US8852377Sep 1, 2010Oct 7, 2014Millercoors, LlcContainer with insulative label
US8932706Oct 27, 2005Jan 13, 2015Multi-Color CorporationLaminate with a heat-activatable expandable layer
US20030173326 *Jan 31, 2003Sep 18, 2003Linda LevyElastic reusable cover assembly for containers
US20040049957 *Apr 23, 2003Mar 18, 2004Richards Eric W.Removable display surface
US20040068901 *Jun 9, 2003Apr 15, 2004Richards Eric W.Releasable closures for removable display surfaces
US20040128877 *Jan 8, 2003Jul 8, 2004Kelly LueddeBeverage container identification method, system, and device
US20050208245 *Oct 27, 2004Sep 22, 2005Pepsico, Inc.Insulated label
US20060130943 *Jul 17, 2003Jun 22, 2006Atakan PekerMethod of making dense composites of bulk-solidifying amorphous alloys and articles thereof
US20060137772 *Dec 4, 2003Jun 29, 2006Donghua XuBulk amorphous refractory glasses based on the ni(-cu-)-ti(-zr)-a1 alloy system
US20060156603 *Dec 19, 2005Jul 20, 2006Richards Eric WReleasable closures for removable display surfaces
US20060165953 *Nov 22, 2005Jul 27, 2006T D Industrial Covering, Inc.Ring assembly for a covered paint robot
US20060191175 *Dec 19, 2005Aug 31, 2006Richards Eric WReleasable closures for removable display surfaces
US20060283868 *Jun 17, 2005Dec 21, 2006Mcdonald Wayne A IiBeverage container accessory
US20070087144 *Feb 21, 2006Apr 19, 2007Multi-Color CorporationShrink sleeve for an article closure
US20070098962 *Oct 27, 2005May 3, 2007Multi-Color CorporationLaminate with a heat-activatable expandable layer
US20070289938 *Jun 16, 2006Dec 20, 2007Pamela SpoonerContainer identification band
US20080113127 *Nov 14, 2006May 15, 2008Coors Brewing CompanyContainer With Insulative Label
US20080169688 *Jan 12, 2007Jul 17, 2008Deanna FunderburgBaby bottle holder and tether system
US20080289232 *Mar 27, 2008Nov 27, 2008Richards Eric WReleasable closures for removable display surfaces
US20080301991 *Mar 27, 2008Dec 11, 2008Richards Eric WReleasable closures for removable display surfaces
US20090095648 *Oct 11, 2008Apr 16, 2009Mitch JunkinsCup labeling system
US20100264154 *Apr 20, 2009Oct 21, 2010John MartinsCollapsible beverage container holder
US20100323866 *Aug 27, 2010Dec 23, 2010Prairie Packaging, Inc.Reinforced plastic foam cup, method of and apparatus for manufacturing same
US20110005672 *Sep 1, 2010Jan 13, 2011Millercoors, LlcContainer with insulative label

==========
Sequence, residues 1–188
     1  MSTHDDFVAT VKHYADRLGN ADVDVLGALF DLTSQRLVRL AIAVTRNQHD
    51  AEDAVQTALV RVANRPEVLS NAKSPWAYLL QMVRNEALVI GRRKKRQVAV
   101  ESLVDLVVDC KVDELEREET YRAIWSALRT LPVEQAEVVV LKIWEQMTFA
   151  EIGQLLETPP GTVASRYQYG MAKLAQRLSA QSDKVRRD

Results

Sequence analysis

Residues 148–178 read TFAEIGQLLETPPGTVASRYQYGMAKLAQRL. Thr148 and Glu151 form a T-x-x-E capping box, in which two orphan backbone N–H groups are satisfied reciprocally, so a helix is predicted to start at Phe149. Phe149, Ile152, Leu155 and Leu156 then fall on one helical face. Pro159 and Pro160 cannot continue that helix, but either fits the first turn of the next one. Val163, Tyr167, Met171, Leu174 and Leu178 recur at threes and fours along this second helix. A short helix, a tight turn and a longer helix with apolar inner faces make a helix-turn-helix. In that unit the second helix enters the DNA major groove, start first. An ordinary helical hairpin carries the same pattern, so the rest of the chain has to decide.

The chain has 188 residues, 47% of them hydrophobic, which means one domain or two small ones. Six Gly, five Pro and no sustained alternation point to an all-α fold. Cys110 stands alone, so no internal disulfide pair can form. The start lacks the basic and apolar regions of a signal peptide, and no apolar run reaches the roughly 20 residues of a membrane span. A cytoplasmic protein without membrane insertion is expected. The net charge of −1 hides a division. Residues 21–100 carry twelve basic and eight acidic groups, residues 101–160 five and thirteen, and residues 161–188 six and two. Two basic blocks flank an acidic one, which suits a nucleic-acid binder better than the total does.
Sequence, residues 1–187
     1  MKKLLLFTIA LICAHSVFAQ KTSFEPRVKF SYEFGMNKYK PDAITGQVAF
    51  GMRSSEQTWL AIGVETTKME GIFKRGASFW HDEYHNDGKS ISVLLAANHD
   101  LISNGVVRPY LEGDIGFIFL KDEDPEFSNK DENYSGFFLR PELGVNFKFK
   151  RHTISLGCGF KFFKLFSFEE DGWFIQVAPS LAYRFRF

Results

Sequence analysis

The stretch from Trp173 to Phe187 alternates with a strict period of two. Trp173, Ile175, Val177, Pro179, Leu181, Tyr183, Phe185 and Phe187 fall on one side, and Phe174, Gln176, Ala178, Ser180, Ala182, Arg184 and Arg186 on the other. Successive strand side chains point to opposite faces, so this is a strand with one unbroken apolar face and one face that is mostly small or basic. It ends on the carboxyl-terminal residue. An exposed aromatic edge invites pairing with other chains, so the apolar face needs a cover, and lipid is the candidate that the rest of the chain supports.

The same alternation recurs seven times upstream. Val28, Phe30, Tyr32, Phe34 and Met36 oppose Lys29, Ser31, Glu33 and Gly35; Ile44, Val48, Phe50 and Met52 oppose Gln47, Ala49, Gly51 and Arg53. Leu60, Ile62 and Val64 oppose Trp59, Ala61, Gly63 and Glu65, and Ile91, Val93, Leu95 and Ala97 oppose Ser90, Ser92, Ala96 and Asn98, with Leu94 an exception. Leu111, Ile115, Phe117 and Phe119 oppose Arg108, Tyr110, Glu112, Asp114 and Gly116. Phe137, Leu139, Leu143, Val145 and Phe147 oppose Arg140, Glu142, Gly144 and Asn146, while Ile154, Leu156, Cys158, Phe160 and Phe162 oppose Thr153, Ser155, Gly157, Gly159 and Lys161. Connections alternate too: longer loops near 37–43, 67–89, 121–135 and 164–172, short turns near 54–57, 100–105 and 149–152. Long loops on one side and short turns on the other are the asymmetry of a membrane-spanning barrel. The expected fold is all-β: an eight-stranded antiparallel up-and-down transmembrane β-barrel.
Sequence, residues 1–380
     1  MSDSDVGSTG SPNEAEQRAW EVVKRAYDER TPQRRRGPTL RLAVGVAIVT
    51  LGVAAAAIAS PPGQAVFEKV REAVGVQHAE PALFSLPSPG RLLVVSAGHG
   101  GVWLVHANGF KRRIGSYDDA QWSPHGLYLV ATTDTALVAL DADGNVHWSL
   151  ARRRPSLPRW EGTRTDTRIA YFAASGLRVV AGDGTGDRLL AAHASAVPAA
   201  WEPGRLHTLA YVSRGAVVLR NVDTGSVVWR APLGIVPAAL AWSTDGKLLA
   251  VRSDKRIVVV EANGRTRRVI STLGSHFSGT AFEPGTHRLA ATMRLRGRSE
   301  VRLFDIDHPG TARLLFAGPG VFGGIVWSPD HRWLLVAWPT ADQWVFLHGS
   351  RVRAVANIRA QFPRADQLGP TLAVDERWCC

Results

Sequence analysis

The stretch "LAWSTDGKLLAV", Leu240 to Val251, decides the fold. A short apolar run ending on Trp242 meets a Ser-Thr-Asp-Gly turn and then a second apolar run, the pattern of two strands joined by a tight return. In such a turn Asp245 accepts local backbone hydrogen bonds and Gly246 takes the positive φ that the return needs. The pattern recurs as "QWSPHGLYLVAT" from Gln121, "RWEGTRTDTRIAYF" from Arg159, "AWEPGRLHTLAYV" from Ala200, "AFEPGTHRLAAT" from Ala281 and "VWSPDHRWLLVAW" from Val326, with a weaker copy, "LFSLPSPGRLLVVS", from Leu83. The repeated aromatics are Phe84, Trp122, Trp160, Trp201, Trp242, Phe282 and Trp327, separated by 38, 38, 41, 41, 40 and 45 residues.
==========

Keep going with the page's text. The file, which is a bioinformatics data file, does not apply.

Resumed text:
US20110177267 *Feb 21, 2006Jul 21, 2011Multi-Color CorporationShrink sleeve for an article closure
US20130056484 *Nov 25, 2009Mar 7, 2013Hanpak LimitedInsulated cup and a cover sheet therefor
US20140246461 *May 12, 2014Sep 4, 2014David CoplinRemovable neoprene sleeve for an airpot beverage dispenser
USD739184 *May 15, 2014Sep 22, 2015Stacy UYEHARAWrapping sheet
USRE45353Jul 17, 2003Jan 27, 2015Crucible Intellectual Property, LlcMethod of making dense composites of bulk-solidifying amorphous alloys and articles thereof
EP0394117A1 *Apr 17, 1990Oct 24, 1990Société Industrielle de l'Ouest des produits Isolants" OUEST-ISOL"Multi-layered coating and thermal insulating element with such a coating
WO1994013551A1 *Dec 9, 1993Jun 23, 1994Coalewrap CompanyCollapsible insulated receptacle for beverage containers
WO1995003978A1 *Aug 1, 1994Feb 9, 1995The Marketing Store LimitedPackage wrapper
WO1995006691A1 *Aug 30, 1994Mar 9, 1995Minnesota Mining And Manufacturing CompanyRemovable foam adhesive tape
WO1997032797A1 *Mar 6, 1997Sep 12, 1997Norrish, Kaye, ClaireInsulating wrap
WO2011004013A2Jul 9, 2010Jan 13, 2011Crown Packaging Technology, Inc.Stay cool band
U.S. Classification428/195.1, 428/317.1, 215/12.1, 220/592.24, 428/157, 220/902, 428/159, 428/339, 220/903, 428/352, 428/338, 428/58, 206/813, 428/77, 150/901, 428/41.3
International ClassificationF16L59/02, B65D25/36, B65D81/38, B29C63/06
Cooperative ClassificationY10T428/249982, Y10T428/268, B65D25/36, Y10T428/269, Y10T428/2839, Y10T428/24488, Y10T428/1452, F16L59/026, Y10T428/192, B29C63/06, B65D81/389, B65D81/3879, Y10T428/24802, Y10T428/24504, Y10S206/813, Y10S220/903, Y10S150/901, Y10S220/902
European ClassificationF16L59/02C, B29C63/06, B65D81/38L1, B65D25/36, B65D81/38K1